EarthTechling Sun, 19 Apr 2015 15:05:16 +0000 en-US hourly 1 Putting a Price on Carbon: A Tough, But Necessary, Nut to Crack Sun, 19 Apr 2015 13:29:45 +0000 Carbon dioxide exacts a cost, that much we know. It’s when we try to take the logical next step – putting a price on carbon – that things get complicated.

The issue is in the news as the province of Ontario moves to join what Clean Energy Canada calls “North America’s largest cap and trade alliance,” the one between Ontario’s Canadian neighbor Quebec and the state of California.

Ontario Green Car

image via Government of Ontario

If you’re not familiar with how a cap and trade scheme works, conceptually, it’s pretty simple: Government sets a limit on the total amount of carbon emissions allowed, requires polluters to possess “allowances” for their emissions, sets up a market through which polluters can sell or trade those allowances, and then gradually pushes the emissions limit downward.

Cap and trade’s big conceptual selling point is that it heads toward a certain target, squeezing emissions out of the economy, but gives economic players the freedom to find their own unique way. Polluters that innovate or otherwise reduce emissions can bank them for future use, or sell them to polluters that weren’t able to meet their limits.  Meanwhile, revenues raised by auctioning allowances can help fund things like renewable energy and energy efficiency R&D, providing tools that polluters can then use to meet the declining emissions thresholds.

Europe has led the way in cap and trade, with the EU Emissions Trading System – commonly referred to as EU ETS – that kicked off in 2005. But the first decade in operation has exposed how difficult it can be to get a cap and trade system to work effectively. As Climate Central’s John Upton recently wrote:

Europe’s carbon pollution-pricing program, which is the biggest in the world, was formed to help curb greenhouse gas levels in the atmosphere — but it was created before its economy unexpectedly tanked. When the economy crashed in 2008, demand for energy fell with it, and that has meant that European industry has needed fewer carbon pollution allowances to operate under a business-as-usual scenario than had been anticipated. The glut of allowances that has resulted is keeping allowance prices and revenue low, and it is limiting the effects of the emissions trading system on global pollution levels.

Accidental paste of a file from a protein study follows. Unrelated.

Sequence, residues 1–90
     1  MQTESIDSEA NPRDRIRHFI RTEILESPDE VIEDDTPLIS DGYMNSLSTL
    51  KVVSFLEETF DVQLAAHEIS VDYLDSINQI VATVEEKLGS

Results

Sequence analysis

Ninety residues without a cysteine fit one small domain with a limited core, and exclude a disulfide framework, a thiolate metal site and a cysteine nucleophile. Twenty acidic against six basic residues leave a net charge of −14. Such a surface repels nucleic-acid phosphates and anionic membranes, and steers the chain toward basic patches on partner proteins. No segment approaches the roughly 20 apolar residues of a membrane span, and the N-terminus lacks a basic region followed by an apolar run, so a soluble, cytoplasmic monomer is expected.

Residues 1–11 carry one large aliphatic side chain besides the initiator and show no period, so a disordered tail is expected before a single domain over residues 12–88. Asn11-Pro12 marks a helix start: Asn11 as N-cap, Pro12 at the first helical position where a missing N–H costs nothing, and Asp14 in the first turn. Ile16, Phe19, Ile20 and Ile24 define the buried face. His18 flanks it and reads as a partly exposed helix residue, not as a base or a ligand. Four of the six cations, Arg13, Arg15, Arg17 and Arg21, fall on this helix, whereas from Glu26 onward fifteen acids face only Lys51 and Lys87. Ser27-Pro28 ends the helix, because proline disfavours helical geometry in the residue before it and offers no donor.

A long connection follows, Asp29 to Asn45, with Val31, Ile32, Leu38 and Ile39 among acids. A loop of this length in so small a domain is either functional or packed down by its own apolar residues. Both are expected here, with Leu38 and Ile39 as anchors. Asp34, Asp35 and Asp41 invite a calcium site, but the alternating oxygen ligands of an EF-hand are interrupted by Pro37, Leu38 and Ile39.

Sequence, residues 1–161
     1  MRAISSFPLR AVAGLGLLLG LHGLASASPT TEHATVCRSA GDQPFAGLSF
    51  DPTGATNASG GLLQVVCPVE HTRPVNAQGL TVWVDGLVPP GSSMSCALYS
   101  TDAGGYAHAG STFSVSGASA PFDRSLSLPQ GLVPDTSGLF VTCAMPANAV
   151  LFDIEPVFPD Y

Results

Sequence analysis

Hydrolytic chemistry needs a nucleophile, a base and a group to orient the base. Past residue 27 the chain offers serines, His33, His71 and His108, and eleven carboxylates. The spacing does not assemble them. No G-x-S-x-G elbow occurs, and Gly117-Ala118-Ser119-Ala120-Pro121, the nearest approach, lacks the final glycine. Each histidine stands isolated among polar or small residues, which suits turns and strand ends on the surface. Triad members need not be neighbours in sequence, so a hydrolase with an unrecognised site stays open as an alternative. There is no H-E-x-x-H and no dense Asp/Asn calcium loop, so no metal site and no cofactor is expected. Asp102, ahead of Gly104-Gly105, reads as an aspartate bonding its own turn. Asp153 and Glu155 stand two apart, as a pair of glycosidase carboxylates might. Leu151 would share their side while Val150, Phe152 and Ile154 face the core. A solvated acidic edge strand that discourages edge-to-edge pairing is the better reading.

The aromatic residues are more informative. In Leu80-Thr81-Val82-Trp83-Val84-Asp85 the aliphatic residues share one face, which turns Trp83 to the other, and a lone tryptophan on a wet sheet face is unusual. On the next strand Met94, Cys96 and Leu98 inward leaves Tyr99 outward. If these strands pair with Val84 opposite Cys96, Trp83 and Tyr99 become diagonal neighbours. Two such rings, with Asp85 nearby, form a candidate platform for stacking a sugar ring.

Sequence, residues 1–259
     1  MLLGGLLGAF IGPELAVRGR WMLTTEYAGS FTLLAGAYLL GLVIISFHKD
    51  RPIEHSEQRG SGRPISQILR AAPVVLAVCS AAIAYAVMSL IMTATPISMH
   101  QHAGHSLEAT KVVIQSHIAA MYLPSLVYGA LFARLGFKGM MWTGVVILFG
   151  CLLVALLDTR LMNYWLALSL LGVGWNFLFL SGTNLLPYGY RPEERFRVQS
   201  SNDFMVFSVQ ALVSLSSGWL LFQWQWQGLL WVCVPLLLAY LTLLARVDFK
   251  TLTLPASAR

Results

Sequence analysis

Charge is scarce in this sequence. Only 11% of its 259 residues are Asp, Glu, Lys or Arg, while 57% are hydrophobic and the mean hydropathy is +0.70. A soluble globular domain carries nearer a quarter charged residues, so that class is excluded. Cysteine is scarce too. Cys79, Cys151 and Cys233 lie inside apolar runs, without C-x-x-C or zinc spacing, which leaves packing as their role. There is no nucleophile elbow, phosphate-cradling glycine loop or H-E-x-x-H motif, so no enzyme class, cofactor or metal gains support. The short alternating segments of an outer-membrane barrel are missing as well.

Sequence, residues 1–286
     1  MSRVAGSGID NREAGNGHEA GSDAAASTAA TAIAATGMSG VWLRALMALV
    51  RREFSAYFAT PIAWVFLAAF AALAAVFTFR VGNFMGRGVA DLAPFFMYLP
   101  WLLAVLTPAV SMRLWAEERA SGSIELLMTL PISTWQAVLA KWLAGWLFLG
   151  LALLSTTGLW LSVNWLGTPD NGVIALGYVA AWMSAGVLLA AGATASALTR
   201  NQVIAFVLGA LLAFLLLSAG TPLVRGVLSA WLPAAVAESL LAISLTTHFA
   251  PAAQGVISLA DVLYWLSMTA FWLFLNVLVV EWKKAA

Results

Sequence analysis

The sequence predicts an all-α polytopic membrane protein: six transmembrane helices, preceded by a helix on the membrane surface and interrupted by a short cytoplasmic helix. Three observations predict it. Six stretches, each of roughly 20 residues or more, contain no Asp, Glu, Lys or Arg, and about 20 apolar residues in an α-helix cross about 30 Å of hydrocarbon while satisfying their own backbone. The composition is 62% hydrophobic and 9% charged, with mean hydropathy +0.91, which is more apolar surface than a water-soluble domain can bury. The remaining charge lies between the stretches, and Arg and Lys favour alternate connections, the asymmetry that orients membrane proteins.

Europe is reforming its market to get supply and demand in better balance, and Ontario is getting plenty of advice on how to make its alliance with Quebec and California function smoothly. One of the questions that will need to be answered is what will be done with the money raised; that’s become a key issue in California, where cap and trade, now in its third year of operation, appears to be working well.

Ontario will also have to decide which segments of the economy are covered by the system (typically, very small players aren’t) and who will have to buy emissions and who might get them free of charge (in Quebec, “trade vulnerable” sectors don’t pay).

It’s these complexities that lead many people to suggest a carbon tax, applied across the board, would be a better way of “putting a price on carbon” than cap and trade. As cleantech venture capitalist Tom Rand wrote this week, referring to British Columbia’s carbon tax:

B.C.’s carbon tax is simple, transparent – and works. Carbon is priced at the source – gas pump, electrical power plant. The cost percolates through the economy. The money raised lowers corporate and income tax. Since its inception in 2008, emissions are down nearly 20 per cent compared to the rest of Canada, while economic growth has been slightly higher. There’s good reason the Economist called it “a winner” that “woos skeptics.”

Alas, it’s the very transparency of the carbon tax – which makes it an easy target for opportunistic politicians to attack – that can make it difficult to implement (or hang on to). Still, a recent U.S. poll out of Stanford University found big support for a carbon tax in general, and even bigger support for a system that promised to be “revenue neutral” by refunding the money raised back to the people. As the Carbon Tax Center wrote:

Both [poll] questions insinuated that “companies” would pay the tax, which may have shaded the outcomes in favor of the tax. Nevertheless, the takeaway is unmistakable: the idea of taxing carbon pollution and distributing the revenues fairly has gained tremendous public acceptability.

Despite that, there’s no currently viable attempt to do a carbon tax here in the United States. Instead, cap-and-trade looks like the best bet to spread “pricing carbon” beyond California (and the limited RGGI program in the Northeast for power plants).

The next state to adopt a system could be Washington, where Democratic Gov. Jay Inslee is trying to get a bill through the state legislature that would apply to big polluters, those that emit more than 25,000 metric tons of carbon per year. The money raised would be spent on “transportation projects, education, housing assistance programs, a sales tax rebate to low-income persons, a business and occupation tax credit for certain energy-intensive industries, and rural economic assistance programs,” according to a legislative report.

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All Signs Point to Solar Power Juggernaut Rolling On Sun, 12 Apr 2015 16:30:59 +0000 It’s not a contest. Renewable energy is no zero-sum game (or doesn’t have to be, at least), and according to the experts, all of it and then some will be needed to keep global temperatures from rising beyond safe levels. Still, it’s hard not to view the growth of the two leading non-hydro renewable energy technologies – wind and solar – in relation to each other.